Northland occupies a repurposed circa-1911 machine-and-tool works in a neighborhood that is quintessentially Rust Belt — older middle-class housing stock on small lots surrounding former industrial sites. The crumbling Curtiss-Wright engine factory stands just a hundred yards from Northland, vacant since the 1990s.
But Northland is envisioned as a catalyst for change, a metaphoric full circle that is training young people for the high-tech blue-collar jobs of tomorrow amid the ruins of the blue-collar landscape of yesterday.
“They were in the DNA of Buffalo. But the factories closed, and the jobs dried up,” Tucker said. “This area was dormant for about 25 or 30 years.”
Graduates of Northland’s two-year Electrical Construction and Maintenance program are qualified for entry-level jobs or advanced training.
“They’ll be ready to enroll in an apprenticeship but not start at the beginning,” Tucker said. “They’ll have two years of education behind him. They could test into year two of an apprenticeship program. Or they could go right to work in industry or as a residential electrician.”
Next up for Northland is a curriculum to meet the needs of the energy transition.
“Moving forward, we are planning to launch a clean energy technology lab,” Tucker said, with training in battery storage, microgrid technology, renewable natural gas, EVs, EV chargers and building maintenance.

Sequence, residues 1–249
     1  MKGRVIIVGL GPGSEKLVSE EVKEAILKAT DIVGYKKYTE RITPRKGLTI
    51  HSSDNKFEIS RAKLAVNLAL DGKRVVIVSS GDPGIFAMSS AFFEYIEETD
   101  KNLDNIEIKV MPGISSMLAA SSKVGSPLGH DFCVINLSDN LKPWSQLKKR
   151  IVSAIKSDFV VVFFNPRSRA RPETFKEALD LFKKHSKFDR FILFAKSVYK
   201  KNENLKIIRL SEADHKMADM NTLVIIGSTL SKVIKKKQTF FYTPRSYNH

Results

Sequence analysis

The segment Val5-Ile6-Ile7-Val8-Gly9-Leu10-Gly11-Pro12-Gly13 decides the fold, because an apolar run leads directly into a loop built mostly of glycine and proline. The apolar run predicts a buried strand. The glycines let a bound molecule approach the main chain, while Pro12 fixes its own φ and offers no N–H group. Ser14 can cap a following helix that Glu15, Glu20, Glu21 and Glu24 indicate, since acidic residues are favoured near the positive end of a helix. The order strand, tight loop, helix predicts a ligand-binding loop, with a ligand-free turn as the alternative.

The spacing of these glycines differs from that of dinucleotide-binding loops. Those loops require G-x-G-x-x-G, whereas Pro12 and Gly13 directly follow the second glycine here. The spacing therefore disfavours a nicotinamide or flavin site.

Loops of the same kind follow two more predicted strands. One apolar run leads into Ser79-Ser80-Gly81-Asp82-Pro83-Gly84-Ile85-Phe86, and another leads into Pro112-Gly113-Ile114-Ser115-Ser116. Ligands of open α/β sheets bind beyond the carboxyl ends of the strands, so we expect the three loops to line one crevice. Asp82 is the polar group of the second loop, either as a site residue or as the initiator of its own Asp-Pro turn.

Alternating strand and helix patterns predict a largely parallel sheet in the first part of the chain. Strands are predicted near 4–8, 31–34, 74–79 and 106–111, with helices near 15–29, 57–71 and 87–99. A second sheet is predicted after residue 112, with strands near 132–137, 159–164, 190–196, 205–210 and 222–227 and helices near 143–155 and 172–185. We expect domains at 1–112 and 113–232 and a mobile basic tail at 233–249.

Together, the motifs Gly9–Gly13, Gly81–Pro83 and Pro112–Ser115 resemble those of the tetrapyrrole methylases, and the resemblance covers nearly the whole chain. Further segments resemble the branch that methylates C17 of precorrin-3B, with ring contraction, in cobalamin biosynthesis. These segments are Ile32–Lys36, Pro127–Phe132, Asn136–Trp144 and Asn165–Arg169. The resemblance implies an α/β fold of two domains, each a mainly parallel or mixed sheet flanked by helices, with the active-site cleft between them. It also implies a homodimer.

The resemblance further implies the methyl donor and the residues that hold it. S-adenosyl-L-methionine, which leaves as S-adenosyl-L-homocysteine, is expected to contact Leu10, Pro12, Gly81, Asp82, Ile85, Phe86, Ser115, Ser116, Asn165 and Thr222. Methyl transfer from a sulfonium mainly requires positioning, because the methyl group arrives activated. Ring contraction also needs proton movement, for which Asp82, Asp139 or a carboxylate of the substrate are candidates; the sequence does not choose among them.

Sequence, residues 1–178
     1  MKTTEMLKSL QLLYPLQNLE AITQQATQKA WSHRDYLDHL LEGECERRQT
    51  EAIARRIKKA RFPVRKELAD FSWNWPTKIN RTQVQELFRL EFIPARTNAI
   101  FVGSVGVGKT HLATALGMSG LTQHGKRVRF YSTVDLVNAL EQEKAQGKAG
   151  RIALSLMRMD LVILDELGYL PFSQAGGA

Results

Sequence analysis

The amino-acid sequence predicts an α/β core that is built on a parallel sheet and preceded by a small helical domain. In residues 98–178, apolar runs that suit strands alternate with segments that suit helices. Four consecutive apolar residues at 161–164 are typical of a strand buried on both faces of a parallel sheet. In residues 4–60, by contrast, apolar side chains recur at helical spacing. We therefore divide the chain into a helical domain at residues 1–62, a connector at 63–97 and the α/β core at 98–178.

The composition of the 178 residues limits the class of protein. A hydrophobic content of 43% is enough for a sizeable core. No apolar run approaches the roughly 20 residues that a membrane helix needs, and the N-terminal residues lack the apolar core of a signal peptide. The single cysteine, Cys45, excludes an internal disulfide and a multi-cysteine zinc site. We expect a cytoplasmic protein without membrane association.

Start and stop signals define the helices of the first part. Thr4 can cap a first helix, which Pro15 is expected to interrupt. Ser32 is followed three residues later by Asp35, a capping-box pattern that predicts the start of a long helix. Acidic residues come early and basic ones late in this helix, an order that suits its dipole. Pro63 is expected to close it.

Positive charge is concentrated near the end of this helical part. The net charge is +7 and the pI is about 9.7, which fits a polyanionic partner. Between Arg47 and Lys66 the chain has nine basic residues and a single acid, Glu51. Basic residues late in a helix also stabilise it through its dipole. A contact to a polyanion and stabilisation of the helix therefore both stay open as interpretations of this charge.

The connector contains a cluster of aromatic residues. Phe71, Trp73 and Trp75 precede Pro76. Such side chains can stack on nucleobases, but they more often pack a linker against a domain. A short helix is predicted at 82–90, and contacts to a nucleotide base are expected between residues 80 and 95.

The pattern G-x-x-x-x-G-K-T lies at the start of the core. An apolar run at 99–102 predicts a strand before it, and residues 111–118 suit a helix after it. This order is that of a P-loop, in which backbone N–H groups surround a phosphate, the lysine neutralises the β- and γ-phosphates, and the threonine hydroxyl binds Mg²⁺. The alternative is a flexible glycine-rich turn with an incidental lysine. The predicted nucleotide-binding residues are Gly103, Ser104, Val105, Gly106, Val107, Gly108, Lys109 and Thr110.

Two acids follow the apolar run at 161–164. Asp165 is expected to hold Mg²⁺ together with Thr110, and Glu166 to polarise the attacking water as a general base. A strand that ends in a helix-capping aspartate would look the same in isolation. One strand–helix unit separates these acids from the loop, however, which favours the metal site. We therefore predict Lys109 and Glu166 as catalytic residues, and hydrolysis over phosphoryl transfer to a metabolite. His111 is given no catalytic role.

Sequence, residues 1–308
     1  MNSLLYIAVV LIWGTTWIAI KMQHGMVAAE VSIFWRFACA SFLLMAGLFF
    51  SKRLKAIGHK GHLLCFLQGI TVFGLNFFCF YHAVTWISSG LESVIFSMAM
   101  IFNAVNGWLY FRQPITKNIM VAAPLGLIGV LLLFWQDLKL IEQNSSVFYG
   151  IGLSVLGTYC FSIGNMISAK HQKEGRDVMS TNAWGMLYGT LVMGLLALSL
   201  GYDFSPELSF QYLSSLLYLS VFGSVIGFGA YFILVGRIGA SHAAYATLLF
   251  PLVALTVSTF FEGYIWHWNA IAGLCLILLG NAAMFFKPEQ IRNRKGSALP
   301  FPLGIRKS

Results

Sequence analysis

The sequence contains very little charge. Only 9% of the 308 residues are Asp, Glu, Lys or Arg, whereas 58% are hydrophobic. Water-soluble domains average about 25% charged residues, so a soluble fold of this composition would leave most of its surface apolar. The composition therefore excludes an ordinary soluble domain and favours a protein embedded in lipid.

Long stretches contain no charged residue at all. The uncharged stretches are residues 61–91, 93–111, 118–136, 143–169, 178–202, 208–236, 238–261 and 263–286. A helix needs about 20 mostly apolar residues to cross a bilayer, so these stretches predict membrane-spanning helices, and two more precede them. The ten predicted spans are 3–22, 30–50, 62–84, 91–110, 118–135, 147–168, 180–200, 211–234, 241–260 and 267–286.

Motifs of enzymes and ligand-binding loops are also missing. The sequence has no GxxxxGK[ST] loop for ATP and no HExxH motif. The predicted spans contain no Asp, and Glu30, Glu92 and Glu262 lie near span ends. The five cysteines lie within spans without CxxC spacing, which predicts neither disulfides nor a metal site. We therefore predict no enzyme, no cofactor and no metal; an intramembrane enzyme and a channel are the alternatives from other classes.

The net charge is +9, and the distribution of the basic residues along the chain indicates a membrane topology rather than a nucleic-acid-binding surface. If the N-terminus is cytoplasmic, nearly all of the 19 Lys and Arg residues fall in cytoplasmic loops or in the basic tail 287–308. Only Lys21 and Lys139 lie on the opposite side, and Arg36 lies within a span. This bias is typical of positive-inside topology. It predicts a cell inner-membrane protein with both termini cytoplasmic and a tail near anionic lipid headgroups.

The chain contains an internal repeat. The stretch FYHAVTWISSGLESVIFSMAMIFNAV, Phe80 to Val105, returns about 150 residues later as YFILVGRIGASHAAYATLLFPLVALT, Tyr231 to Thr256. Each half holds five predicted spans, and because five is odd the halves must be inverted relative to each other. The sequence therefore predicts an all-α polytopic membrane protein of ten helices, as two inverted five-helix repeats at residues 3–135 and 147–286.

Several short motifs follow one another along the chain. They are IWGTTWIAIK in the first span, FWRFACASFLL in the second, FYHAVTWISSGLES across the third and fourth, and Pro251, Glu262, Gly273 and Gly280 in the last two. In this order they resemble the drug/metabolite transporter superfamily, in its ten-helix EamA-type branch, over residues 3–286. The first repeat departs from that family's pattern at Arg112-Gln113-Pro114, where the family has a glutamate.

“We hope to have that deployed within the next year or so.”
Melanie Littlejohn, National Grid vice president of customer and community engagement, said the company cannot follow a one-size-fits-all strategy in recruiting for everyday operation — let alone for the energy transition. The utility’s three regions — upstate and downstate New York and Massachusetts — are only a few hours apart but different in many ways, from weather to terrain to economy.
“Our initial focus is really on how are we building awareness that these positions exist in the first place, and what are they, and how do you see your talents tied to them,” she said.
To build a workforce pipeline, the utility partners with an array of agencies, including high school vocational programs, two-year colleges, four-year colleges and educational opportunity centers.
New York’s two-year colleges design some of their career skills programs in partnership with industry, creating a clear path to employment.
“Junior colleges are so critically important to this part of this work,” Littlejohn said.
The lineworkers training in Schenectady are just one sliver of the utility’s personnel needs.
Littlejohn speaks of “the power behind the switch” — all the financial personnel, engineers, control room operators, analysts, and others who also keep the utility running, without ever climbing a pole.
Matthew Barnett, National Grid’s vice president of New York electric operations, said the utility cannot predict the numbers and skillsets it will need as the energy transition progresses, so it is running a series of five- and 10-year scenarios to have plans ready as the picture comes into clearer focus.
It is a more proactive stance to anticipated needs, as opposed to a reactive strategy based on existing needs.
The vast number of public, private and commercial EV chargers expected to be installed in the next decade is a perfect example.
“We’re looking at how do we need to build at the right pace to stay in front of the customer need, so we’re not the barrier,” Barnett said.
“This won’t all be done by hiring on National Grid personnel; we have contractor partnerships out there,” he said.
The term “linemen” may sound archaic in the inclusive modern era, but almost all lineworkers are men.